There is simply less help available for businesses struggling to meet their payrolls.

During the first round of shutdowns, the Paycheck Protection Program and other small business lending vehicles encouraged firms to retain workers. PPP loans will be forgiven if the bulk of the money went towards payroll, rent and utilities.

This time, however, some struggling small businesses may question whether another government loan is enough to keep them afloat.

“A lot of businesses have been able to adjust with a decent amount of outdoor work,” said Callstrom. “But that can only go so far, and other businesses just can’t adjust.”

The result can be seen at the San Diego Rescue Mission, which operates a super pantry in National City.

“There’s been a lot of people showing up,” said Alan Kennedy, food services director for the mission. “We really weren’t prepared for it.

In North County, Interfaith Community Services Executive Director Greg Anglea said the nonprofit saw a 427 percent increase at its pantry in the spring.

“The increase has reduced since then, but we’re now seeing more complicated problems caused by many months out of work, challenges with childcare, and past-due rent bills greater than $10,000,” he said.

Diners at the Thanksgiving Eve meal increased from 150 to more than 360 people last month, he said.

Brent Wakefield, president and CEO of Meals on Wheels, San Diego, said food deliveries increased 47 percent just three weeks into the first lockdown. They now are delivering 2,000 meals a month, he said.

In a sad residual effect, the increase has meant volunteers have less time to spend with clients, including some shut-in seniors whose only contact with a person may have been through the daily food delivery, Wakefield said.

In response, Meals on Wheels has started a compassion call program, where volunteers phone seniors to chat a couple of days each week. Wakefield said volunteers are needed for the program, and people interested in helping can learn more by visiting www.meals-on-wheels.org.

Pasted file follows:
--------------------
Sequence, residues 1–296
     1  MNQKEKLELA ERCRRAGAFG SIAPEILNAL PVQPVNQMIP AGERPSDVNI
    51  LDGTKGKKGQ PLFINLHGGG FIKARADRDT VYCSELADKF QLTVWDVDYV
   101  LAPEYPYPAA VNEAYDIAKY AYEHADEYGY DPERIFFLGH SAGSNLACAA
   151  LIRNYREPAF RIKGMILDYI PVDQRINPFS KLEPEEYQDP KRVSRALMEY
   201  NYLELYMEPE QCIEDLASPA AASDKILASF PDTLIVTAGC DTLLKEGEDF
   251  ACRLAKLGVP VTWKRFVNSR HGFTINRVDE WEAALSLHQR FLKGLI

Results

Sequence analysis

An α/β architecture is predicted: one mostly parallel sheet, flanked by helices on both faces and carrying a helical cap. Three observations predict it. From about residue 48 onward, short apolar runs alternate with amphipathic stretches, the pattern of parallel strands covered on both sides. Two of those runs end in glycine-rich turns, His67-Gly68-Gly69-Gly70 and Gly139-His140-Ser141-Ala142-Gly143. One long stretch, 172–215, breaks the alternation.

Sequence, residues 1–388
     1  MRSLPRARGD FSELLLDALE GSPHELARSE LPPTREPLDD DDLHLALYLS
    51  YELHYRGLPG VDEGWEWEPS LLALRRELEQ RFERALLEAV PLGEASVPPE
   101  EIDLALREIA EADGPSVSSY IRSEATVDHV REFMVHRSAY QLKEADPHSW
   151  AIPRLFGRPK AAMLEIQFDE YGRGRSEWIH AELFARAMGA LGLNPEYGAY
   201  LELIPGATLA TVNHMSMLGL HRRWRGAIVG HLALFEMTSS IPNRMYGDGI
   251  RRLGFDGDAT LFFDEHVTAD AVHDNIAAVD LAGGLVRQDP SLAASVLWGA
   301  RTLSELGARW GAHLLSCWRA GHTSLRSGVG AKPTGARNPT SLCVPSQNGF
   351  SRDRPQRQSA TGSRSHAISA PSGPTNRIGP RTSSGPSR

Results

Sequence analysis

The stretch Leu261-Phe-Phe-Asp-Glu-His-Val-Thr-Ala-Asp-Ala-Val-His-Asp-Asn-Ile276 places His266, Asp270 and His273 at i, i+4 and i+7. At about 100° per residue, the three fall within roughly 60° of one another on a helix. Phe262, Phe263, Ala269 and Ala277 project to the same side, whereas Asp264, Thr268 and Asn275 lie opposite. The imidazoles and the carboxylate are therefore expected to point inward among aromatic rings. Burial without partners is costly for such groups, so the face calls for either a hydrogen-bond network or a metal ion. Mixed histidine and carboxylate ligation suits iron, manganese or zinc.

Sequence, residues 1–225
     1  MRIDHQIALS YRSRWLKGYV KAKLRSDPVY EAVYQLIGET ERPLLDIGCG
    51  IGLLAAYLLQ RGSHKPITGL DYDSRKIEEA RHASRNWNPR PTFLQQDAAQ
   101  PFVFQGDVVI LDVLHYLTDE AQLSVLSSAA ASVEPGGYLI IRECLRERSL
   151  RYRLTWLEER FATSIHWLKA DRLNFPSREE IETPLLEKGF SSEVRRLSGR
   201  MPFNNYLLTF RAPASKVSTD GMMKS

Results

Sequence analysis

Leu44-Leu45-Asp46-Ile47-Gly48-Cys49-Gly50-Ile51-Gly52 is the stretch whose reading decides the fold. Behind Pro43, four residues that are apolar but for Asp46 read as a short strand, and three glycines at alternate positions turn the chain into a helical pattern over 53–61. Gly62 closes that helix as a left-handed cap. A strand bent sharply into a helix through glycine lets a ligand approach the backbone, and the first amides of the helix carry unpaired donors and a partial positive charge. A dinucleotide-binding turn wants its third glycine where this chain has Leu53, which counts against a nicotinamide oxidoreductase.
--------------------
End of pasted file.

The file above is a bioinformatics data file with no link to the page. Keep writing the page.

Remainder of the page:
Serving Seniors has created a similar program for volunteers to call people who are shut in during the pandemic.

Paul Downey, president and CEO of Serving Seniors, said the organization traditionally served 725,000 meals annually, but this year may serve 2 million.

John Van Cleef, executive director of the Community Resource Center in Encinitas, said the nonprofit has seen the number of people visiting its pantry increase from 50 people a day to 70.

The nonprofit also has worked with the cities of Oceanside, Carlsbad, Encinitas and Solana Beach on rental assistance programs during the pandemic.

Van Cleef said the Community Resource Center also has seen a significant increase in the number of people seeking help from domestic violence at home, which he linked to the anxiety caused by the shutdown, economic insecurity and other issues associated with the pandemic.

Ellis Rose, a homeless advocate who once was homeless himself, said the pandemic and shutdown has been hard on people on the street as well.

“This is hitting people in more ways than one,” he said, noting that the shutdown had left many people isolated from others. “It’s not just the food. It’s the social connection.”

San Diego attractions including SeaWorld, the San Diego Zoo and Safari Park and Legoland all were forced to close Monday. They said it’s still too early to discuss furloughs or layoffs.

In a statement, the San Diego Zoo and Safari Park said essential staff will stay on the job to care for animals. “We keep at the forefront of our thoughts the well-being of these dedicated employees and the many volunteers who make our parks such special places to visit. We look forward to the day we get to welcome our guests back.”

Legoland closed its Carlsbad park and aquarium, canceling planned holiday festivities including a New Year’s Eve event. The theme park’s hotel remains open, but it unclear for how long. Gov. Gavin Newsom’s stay-at-home order restricts lodging to essential infrastructure travelers.

SeaWorld San Diego also will continue employing veterinarians and animal care experts through the shutdown, said interim Chief Executive Marc Swanson in a statement. The company will extend the expiration date of annual passes, and SeaWorld Fun Cards will remain valid through 2021. Single-day ticket buyers can reschedule their visit through the end of next year.

U-T reporters Michael Freeman, Philip Molnar, Gary Robbins, Paul Sisson, Gary Warth and Jonathan Wosen contributed to this report.